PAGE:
Pressure was put upon Emil Mazey. A delegate from his own Local 212 wanted to know where he, the famous advocate of a Labor Party, stood on this question. He too saw no difference between the two resolutions. Naturally, he said, no existing party is good enough – somehow, sometime ... Or as one delegate put it: now Is not the time; we must wait until all the historical forces have so combined.
Silver compromised. He withdrew his resolution and satisfied himself with a sentence or two tacked on to the majority resolution. The March statement had called for a progressive party after the ’48 elections. With Silver’s compromise it loses all meaning. After ’48 now means 1968 or 2068.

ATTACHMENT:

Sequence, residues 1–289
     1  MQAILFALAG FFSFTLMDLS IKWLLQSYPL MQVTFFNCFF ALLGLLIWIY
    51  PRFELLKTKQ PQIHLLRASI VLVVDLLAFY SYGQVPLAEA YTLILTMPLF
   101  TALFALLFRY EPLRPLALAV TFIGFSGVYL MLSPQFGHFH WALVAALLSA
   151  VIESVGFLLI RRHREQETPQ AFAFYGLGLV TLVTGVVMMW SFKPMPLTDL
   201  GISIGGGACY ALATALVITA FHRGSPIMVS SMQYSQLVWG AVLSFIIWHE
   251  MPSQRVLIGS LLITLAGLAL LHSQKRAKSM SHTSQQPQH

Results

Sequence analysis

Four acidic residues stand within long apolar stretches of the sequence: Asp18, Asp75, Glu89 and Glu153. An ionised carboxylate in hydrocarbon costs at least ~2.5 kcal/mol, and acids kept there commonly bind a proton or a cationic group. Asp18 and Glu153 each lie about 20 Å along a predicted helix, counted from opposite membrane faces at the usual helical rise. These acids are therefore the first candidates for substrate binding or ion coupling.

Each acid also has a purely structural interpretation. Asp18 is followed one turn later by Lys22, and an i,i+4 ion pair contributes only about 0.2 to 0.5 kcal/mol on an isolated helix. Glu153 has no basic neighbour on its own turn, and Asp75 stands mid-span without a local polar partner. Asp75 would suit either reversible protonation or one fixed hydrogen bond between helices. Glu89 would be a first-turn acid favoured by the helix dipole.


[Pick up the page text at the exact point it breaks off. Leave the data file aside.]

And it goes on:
Several delegates spoke out for the formation of a Labor Party. On a previous point on the agenda, Rawcliffe of Lincoln Local 900 had said:
“I am not supporting the Democratic Party, which has stabbed us in the back during the last six months. It is about time that this convention and other labor conventions considered forming their own party and sending their own party to Congress to formulate laws for the people and not for the big monopolists.”
Allen Schroeder, delegate from GM Local 199 in Canada, spoke for the formation in the United States of a party like the Canadian CCF (Cooperative Commonwealth Federation). The UAW board has endorsed the CCF and in fact contributed $10,000 to its election campaign.